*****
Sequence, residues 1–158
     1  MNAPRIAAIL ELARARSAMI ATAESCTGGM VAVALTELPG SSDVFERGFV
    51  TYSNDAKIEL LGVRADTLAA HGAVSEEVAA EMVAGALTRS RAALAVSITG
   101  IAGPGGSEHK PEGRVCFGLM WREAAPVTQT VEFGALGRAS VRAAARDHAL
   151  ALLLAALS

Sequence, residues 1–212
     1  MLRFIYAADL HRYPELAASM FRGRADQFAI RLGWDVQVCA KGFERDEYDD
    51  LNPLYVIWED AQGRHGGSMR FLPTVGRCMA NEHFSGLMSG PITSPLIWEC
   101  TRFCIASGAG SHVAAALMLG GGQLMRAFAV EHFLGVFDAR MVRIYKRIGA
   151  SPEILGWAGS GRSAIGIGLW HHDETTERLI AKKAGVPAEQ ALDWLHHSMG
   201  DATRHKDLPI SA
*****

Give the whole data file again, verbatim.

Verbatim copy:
Sequence, residues 1–158
     1  MNAPRIAAIL ELARARSAMI ATAESCTGGM VAVALTELPG SSDVFERGFV
    51  TYSNDAKIEL LGVRADTLAA HGAVSEEVAA EMVAGALTRS RAALAVSITG
   101  IAGPGGSEHK PEGRVCFGLM WREAAPVTQT VEFGALGRAS VRAAARDHAL
   151  ALLLAALS

Sequence, residues 1–212
     1  MLRFIYAADL HRYPELAASM FRGRADQFAI RLGWDVQVCA KGFERDEYDD
    51  LNPLYVIWED AQGRHGGSMR FLPTVGRCMA NEHFSGLMSG PITSPLIWEC
   101  TRFCIASGAG SHVAAALMLG GGQLMRAFAV EHFLGVFDAR MVRIYKRIGA
   151  SPEILGWAGS GRSAIGIGLW HHDETTERLI AKKAGVPAEQ ALDWLHHSMG
   201  DATRHKDLPI SA